Q: As winners, what did you two face during the PTFE talent search? What was the most difficult challenge and what should a potential applicant prepare for?

Stephanie: I went through quite a few stages during the process. After the application, I had to go through a series of psychometric tests, which included numerical and verbal reasoning – things that you are prepared for by your careers department in a university. I was then selected to do a one-minute video answering questions from [driver] Valtteri Bottas and the team.

This was the stage that took me a little bit outside my comfort zone, as I wasn’t really used to being on camera and seen around the world, so that was something that I had to overcome. I just focused on myself and my own journey and tried to create something that was good enough to be pushed through to the next round. It was a very tough time; I took a lot of time to prepare and ensure that it was a good-quality recording.

From there, I was selected as part of the final five to go to Kuala Lumpur, which I was very grateful for – it was my first time ever going and it was such a beautiful place! I had two stages of interviews there; the first was a case study interview where we had to answer some questions. The panel then came back with some more questions based on the information we had given.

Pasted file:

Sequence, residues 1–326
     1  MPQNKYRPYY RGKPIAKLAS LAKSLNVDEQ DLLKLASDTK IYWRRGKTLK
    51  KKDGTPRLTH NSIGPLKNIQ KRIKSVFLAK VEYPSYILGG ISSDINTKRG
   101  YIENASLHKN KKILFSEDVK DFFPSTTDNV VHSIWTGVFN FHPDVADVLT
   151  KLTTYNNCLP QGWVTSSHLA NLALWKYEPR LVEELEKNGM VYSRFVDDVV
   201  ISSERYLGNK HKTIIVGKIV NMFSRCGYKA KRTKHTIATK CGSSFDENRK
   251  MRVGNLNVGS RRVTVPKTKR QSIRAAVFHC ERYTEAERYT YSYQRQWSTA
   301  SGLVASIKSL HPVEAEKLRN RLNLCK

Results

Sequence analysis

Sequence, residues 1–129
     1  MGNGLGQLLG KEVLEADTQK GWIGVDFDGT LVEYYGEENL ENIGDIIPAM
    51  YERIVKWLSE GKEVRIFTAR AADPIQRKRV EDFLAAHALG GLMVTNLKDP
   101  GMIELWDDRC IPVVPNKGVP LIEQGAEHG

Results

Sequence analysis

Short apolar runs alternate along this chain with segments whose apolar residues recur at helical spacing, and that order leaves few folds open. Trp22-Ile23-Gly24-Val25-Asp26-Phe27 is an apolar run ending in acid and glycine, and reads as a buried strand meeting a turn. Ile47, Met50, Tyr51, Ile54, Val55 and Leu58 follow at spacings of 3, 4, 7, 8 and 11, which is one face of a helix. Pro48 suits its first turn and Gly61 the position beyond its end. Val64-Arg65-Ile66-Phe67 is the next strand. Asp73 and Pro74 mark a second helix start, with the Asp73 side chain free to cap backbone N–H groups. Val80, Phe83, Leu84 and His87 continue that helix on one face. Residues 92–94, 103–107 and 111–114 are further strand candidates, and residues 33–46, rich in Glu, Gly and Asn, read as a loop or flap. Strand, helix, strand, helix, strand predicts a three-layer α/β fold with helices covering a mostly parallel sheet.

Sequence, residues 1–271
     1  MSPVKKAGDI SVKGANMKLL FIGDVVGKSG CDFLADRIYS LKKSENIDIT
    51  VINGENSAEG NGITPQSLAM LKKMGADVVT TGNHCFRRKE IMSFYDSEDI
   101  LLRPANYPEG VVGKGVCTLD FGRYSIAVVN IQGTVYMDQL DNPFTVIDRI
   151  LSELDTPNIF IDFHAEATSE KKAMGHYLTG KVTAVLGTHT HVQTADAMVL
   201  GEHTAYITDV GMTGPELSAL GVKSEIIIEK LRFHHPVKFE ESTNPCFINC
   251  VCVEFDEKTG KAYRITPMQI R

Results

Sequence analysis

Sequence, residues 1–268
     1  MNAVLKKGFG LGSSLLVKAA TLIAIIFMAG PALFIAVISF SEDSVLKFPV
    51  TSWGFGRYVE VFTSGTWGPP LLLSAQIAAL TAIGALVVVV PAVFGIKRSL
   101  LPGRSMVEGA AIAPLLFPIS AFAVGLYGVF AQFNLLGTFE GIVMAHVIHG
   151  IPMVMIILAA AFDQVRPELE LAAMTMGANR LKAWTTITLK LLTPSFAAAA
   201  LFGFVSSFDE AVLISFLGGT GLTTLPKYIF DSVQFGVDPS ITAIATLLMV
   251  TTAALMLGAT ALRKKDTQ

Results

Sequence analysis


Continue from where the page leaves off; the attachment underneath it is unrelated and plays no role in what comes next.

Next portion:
Then it was a resting weekend anticipating which three of us had got through to the final stage. Luckily, I was chosen to go into that stage and had to do a sort of hunt to find the CEO [of Petronas Lubricants International, Giuseppe d’Arrigo] to have my final interview.

En De: For me, the most difficult challenge was probably the interview with Giuseppe d’Arrigo. He goes beyond what you can do and what the job entails; [he asks you] what you stand for and what principles you live by, and do those principles align with what Petronas and what the team is looking for.

In terms of preparation, [you should] simply absorb as much as you can. Learning goes beyond school and for me, it’s about taking as much as I can from people around me – mentors, my parents, friends – and understanding what values in life can bring you joy and success. Hopefully, those values will be shared by the successful organisations that you want to work for. Fortunately for me, that was the case, so I’m absolutely grateful and blessed to be in my position.